Climate Adaptation Is Essential, Scientists Warn
By Tim Radford
The probable changes as the world heats are so great that climate adaptation to cope with the inevitable is now essential, scientists are warning.
Forest damage, drought and floods, for example, will all worsen, and tidal ranges are already changing. More than half of all the natural vegetation of California is at risk as temperatures rise.
Even were the U.S. and other nations to honor the promises made in the Paris agreement of 2015, one fourth of California's natural wilderness would be under stress from global warming, a new study shows.
And on top of temperature rise, California is increasingly at risk from severe drought, says a different study. U.S. government scientists believe they have established a link between the retreat of Arctic sea ice and a decline in rainfall in the Golden State.
Drought and Flood
And while California becomes ever more parched, its forests at ever-greater risk of insect attack and wildfire, 43 other U.S. states face a dramatic increase in flood hazard, with a tenfold rise in the numbers of people at risk from the worst river floods.
And—although President Trump has dismissed climate change as a hoax and announced a withdrawal from the Paris agreement to limit the use of fossil fuels—the tide gauges of the Chesapeake and Delaware Bays on the East Coast of the U.S. tell a different story. They confirm that climate change has already begun to affect high and low water tides.
U.S. researchers report in the journal Ecosphere that they looked at the consequences for California if global greenhouse gas emissions continue at their present rate, to go on fueling global warming.
They mapped 30 different vegetation types—California's canopy includes a huge variety of mountain conifer, forest coastal woodland, upland sagebrush scrub, grassland and so on—and considered nine climate and precipitation variables, and then looked at computer models of future global warming, which predict, at worst, a global average rise of 4.5 C by 2100.
"At current rates of emissions, about 45-56 C of all the natural vegetation in the state is at risk, or from 61,190 to 75,866 square miles," said James Thorne of the University of California Davis, who led the study.
"If we reduce the rate to Paris Accord targets, those numbers are lowered to between 21 and 28% of the lands at climatic risk." The research measures only the impact of climate change: not of the accompanying hazards.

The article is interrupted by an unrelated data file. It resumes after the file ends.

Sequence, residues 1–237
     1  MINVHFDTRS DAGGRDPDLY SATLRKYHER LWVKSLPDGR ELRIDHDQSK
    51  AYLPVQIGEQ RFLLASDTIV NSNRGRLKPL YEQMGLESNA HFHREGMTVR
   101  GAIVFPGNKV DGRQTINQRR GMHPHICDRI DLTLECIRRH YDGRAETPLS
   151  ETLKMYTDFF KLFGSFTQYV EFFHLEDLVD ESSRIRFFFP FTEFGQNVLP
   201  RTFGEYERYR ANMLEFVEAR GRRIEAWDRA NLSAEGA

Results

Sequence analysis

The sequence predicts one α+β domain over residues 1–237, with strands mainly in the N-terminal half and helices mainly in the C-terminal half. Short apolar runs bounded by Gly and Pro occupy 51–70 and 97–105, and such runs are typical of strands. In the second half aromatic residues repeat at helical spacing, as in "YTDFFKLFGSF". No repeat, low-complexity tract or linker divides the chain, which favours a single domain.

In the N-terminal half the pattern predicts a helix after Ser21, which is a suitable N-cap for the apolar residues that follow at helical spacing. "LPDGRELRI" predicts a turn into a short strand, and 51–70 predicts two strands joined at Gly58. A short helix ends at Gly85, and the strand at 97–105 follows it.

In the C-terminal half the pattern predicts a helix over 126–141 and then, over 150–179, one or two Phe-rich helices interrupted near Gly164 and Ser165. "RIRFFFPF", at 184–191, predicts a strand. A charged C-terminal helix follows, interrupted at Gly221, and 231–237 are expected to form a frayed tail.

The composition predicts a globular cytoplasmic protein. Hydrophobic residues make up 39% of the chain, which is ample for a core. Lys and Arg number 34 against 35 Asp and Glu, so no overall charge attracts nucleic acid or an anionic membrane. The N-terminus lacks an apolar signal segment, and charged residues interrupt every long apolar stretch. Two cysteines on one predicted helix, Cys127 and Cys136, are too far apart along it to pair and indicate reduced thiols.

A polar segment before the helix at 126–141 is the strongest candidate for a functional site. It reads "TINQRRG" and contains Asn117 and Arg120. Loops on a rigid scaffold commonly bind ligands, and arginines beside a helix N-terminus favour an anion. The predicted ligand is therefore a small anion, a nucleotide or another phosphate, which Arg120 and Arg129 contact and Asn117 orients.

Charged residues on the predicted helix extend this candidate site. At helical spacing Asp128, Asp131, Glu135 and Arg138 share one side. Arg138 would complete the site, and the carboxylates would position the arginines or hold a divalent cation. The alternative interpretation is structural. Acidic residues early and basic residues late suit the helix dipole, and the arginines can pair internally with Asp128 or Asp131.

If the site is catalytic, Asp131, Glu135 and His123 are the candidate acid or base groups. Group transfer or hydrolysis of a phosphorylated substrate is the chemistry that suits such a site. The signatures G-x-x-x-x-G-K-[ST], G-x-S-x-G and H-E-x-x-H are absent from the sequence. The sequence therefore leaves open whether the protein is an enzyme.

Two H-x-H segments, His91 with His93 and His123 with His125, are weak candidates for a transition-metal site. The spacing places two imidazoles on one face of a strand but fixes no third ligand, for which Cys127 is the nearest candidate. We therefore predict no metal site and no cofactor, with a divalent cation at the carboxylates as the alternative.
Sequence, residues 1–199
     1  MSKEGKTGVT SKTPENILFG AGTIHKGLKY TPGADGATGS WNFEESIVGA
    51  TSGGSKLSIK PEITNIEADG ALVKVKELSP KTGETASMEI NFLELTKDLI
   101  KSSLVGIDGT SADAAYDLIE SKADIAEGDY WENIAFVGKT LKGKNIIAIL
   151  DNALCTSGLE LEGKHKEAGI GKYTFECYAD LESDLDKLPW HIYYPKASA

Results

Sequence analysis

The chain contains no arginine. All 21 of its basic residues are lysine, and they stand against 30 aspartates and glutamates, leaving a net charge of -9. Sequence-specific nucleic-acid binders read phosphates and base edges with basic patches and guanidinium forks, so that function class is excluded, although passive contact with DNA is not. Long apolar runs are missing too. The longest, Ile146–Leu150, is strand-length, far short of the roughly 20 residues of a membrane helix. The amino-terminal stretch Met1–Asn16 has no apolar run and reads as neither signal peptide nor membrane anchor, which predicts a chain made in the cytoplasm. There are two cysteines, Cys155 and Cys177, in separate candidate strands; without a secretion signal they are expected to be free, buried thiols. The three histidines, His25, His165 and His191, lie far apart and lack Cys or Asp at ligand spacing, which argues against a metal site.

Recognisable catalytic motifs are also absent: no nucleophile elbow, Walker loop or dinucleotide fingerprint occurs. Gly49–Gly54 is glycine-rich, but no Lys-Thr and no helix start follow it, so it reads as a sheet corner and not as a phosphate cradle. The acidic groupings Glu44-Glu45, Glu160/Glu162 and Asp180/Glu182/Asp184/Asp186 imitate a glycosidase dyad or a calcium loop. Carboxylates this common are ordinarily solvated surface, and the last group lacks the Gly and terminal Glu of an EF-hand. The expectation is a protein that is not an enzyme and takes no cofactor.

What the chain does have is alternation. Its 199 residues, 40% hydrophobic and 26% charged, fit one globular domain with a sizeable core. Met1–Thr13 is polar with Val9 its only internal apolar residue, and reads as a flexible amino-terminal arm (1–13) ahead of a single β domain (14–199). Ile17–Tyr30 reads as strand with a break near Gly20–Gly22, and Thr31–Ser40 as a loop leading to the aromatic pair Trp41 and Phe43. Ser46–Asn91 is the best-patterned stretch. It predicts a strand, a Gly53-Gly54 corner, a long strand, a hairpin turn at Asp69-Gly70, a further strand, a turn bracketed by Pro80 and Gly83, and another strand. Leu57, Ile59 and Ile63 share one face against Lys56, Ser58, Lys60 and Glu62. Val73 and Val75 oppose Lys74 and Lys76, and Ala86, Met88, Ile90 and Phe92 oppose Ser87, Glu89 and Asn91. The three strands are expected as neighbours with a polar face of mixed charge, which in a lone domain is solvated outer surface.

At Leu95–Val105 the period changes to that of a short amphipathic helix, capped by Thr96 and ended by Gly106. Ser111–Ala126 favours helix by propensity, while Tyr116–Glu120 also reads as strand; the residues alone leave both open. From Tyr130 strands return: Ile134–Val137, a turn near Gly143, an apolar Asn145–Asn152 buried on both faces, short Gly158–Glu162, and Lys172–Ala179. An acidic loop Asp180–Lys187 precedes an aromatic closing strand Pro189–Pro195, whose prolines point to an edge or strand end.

During the 2012-2016 Californian drought—the worst on record—more than 127 million trees died of insect infestation, and wildfire devastated huge tracts of forest and scrub.
And according to researchers at Lawrence Livermore National Laboratory, more drought could be on the way. They report in Nature Communications that the steady attrition of sea ice in the Arctic Ocean triggers a change in atmospheric convection over the tropical Pacific, which creates the right conditions for an atmospheric ridge over the North Pacific, which means California gets a lot sunnier, and therefore drier.
"On average, considering a 20-year mean, we find a 10-15 percent decrease in California's rainfall. However some individual years could become much drier, and others wetter," said Ivana Cvijanovic, who led the research. "The recent California drought appears to be a good illustration of what sea ice-driven precipitation decline should look like."
Elsewhere in the U.S., drought may not be the big problem. German researchers report in the journal Science Advances that they calculated the necessary increase in flood protection over the next 25 years worldwide, as the planet warms.
They looked not just at individual countries but at cities too, to calculate the numbers at hazard of rising rivers, including Europe.
In Germany, the numbers at risk from the worst 10 percent of all floods will rise sevenfold. In North America, the increase will be tenfold. In the U.S. 43 states could see more damage from the worst floods.
Risk Is Greatest in Asia